Work-related stress is a major social problem

Marlyn Glen

25 May 2012

The Chief Inspector of Ofsted in England , Michael Wilshaw, recently described how teachers in schools should be treated :

“If anyone says to you that staff morale is at an all-time low, you know you are doing something right.”

In the NHS, in one year in the last decade, the Department of Health in England estimated that “£96 million was spent on replacing staff who have left their jobs due to bullying”

Scotland is not immune from the confrontational macho style of relations at work either.

UNISON Scotland reported earlier this year that almost one in three of their members in Scotland have either have been bullied, or have witnessed bullying in a six month period..

The websites of unions in education such as the EIS, SSTA and UCU, all carry detailed information on how to deal with bullying.

What should be of  major concern is that bullying is occurring in the public sector.

The spirit of the public sector is supposedly one of dialogue, co-operation, dignity at work , and benefit for the common good.

Instead, we see all too often light-touch scrutiny of those at the top, while top-heavy micro-management of those at work.

With the banks now in partial public ownership, the consequences of failure are a bonus for those in command, but P45s for its employees

The higher echelons can accept the rewards that high salaries and secure jobs bring, but they can refuse to accept responsibility or culpability when things go wrong.

The buck stops somewhere else down the line.

Common sense assumptions that  the hazardous consequences of stress for health is mainly the fate of the high-powered in authority who have to take make-or-break decisions are contrary not just to academic research but daily workplace experience.

Those who suffer stress-related illnesses such as anxiety and depression  tend to be those in the lower grades upon whom demands are highest and where control over one’s work is lowest.

Stress also comes with a financial cost to the organisation affected through long term absence, reduced production , and increases in statutory sick pay.

With the public sector still to face much greater cuts in spending than have been  made so far, women face added pressure from job losses, since they make up the majority of most  public sector organisations.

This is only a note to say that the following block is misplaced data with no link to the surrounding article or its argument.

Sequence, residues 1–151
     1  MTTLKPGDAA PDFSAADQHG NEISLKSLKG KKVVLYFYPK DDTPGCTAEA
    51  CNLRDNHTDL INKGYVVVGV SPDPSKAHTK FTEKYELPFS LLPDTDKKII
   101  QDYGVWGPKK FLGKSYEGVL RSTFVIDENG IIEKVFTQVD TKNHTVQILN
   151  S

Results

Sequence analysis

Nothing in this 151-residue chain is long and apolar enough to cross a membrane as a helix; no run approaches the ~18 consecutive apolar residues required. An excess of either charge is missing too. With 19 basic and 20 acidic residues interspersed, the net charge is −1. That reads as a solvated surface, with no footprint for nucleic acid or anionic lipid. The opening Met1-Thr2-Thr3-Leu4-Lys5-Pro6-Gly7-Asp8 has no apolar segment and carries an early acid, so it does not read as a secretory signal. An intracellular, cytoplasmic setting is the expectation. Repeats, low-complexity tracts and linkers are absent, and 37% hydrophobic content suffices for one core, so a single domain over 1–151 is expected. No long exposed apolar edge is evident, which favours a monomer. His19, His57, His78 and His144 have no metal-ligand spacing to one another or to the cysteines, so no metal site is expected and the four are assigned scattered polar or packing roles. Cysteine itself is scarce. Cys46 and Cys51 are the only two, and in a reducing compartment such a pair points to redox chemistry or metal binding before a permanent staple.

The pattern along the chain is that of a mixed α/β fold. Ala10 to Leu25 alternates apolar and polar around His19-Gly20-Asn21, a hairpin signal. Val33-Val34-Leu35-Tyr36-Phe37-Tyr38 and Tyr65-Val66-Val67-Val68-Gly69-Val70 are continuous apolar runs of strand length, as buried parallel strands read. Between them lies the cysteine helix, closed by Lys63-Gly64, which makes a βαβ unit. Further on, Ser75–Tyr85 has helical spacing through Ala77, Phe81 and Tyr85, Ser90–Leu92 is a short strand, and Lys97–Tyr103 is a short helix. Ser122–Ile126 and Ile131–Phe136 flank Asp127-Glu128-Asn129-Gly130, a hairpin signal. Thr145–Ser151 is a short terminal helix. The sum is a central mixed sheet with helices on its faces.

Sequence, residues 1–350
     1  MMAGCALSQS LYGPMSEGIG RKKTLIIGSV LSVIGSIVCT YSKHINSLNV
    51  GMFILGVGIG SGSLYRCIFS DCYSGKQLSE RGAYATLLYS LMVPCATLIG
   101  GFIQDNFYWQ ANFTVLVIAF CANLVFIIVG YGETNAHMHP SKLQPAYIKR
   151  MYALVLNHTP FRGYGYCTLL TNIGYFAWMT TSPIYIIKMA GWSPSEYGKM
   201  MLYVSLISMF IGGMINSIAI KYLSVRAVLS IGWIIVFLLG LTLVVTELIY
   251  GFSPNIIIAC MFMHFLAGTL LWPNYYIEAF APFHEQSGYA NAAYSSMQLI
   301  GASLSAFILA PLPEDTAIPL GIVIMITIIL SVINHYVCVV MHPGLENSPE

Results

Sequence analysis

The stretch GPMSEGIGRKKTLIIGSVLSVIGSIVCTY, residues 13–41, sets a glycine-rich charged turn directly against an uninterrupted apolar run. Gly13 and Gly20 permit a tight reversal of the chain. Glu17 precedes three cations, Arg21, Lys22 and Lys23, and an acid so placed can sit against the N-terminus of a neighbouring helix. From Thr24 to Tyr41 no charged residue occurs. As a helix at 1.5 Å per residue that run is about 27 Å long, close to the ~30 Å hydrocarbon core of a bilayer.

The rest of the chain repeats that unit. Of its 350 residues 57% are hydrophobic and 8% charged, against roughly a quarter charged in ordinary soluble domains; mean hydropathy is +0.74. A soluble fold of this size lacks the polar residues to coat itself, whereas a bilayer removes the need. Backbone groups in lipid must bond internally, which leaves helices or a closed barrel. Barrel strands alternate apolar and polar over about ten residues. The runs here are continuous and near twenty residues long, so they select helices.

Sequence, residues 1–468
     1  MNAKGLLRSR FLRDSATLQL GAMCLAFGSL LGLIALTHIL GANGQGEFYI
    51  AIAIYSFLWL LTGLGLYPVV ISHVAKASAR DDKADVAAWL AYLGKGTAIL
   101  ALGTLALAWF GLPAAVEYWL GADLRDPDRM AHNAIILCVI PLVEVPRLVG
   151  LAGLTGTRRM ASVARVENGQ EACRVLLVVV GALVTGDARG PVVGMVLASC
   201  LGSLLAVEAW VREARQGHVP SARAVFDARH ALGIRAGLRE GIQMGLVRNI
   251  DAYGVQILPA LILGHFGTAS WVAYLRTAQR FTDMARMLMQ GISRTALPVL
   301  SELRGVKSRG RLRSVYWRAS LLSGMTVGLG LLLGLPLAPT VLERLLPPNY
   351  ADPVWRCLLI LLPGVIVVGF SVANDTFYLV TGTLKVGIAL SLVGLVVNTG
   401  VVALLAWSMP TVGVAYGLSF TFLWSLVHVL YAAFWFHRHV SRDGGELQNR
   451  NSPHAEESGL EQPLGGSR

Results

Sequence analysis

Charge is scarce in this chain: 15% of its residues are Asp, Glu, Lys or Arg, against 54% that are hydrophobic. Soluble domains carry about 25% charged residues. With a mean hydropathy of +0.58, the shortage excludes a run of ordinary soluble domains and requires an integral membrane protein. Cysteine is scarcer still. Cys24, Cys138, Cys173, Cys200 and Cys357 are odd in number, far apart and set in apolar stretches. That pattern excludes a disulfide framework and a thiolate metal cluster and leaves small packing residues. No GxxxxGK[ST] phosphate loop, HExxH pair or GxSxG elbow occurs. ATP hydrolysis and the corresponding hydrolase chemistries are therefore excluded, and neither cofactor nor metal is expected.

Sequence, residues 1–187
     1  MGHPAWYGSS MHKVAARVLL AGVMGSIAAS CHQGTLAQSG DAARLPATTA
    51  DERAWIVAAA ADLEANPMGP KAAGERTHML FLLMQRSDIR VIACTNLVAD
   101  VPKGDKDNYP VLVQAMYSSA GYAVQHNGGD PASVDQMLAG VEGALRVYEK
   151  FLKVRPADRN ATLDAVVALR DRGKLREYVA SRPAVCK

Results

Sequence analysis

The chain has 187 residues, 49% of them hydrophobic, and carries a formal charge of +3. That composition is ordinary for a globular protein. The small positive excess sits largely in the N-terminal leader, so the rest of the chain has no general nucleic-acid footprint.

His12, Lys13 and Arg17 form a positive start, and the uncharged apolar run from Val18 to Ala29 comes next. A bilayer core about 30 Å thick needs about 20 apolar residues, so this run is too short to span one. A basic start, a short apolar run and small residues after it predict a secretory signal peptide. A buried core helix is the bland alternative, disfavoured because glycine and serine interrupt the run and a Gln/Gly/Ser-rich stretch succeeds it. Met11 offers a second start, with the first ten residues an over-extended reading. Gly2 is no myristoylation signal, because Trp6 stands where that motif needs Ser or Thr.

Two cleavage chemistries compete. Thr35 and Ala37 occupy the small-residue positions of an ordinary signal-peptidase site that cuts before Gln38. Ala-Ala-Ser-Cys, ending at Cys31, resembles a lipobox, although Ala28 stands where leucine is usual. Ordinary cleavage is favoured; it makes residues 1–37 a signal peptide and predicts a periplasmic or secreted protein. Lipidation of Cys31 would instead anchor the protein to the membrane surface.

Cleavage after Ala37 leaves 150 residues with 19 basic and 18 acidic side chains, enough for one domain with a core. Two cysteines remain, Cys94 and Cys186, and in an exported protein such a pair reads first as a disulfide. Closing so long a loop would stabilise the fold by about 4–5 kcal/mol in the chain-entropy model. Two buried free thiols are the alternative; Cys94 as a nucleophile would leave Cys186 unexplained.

The 2010 British Academy study “ Stress at work” reported :

“Work stress has increased since 1992, especially for women.  In the past year these levels have risen at an alarming rate and there are no effective measures in place to prevent the situation worsening.”

This was its  “disturbing finding”  - a 25 per cent increase in the number of women suffering from job strain over the 14 year period between 1992 and 2006.  ( Link : Stress at work )

The latest TUC survey of union safety reps indicates that stress is by far in the most quoted problem for health and safety at work with longer hours, heavier workloads, less staff and unrealistic targets at its root.

The TUC itself declared that  “ stress is most often found in the public than in the private sector” ( link   )

Meanwhile, the Labour Force Survey found that last year 77,000 people suffered from work-related illness in Scotland , and that the sectors in which stress had been most prevalent in the UK were health, social work, education and public administration

Much more work-related stress seems almost inevitable unless tackling attitudes and behaviour towards preventing stress from taking its toll on the workforce is made a priority.

There are Management Standards produced  by the Health and Safety Executive on how employers should deal with work-related stress.

The TUC says that such standards  “, based on the risk assessment approach, are seen as the most useful method of tackling stress in the workplace”, but that is only because of “ the absence of specific legislation “

The British Academy study emphasises this point by asking,

“With no legislation in the UK specifically on this issue, the report questions the effectiveness of the current voluntary code of practice that is meant to guide employers in matters of work stress.  “

Work-related stress is major social problem.

 Share on Facebook

Back to previous page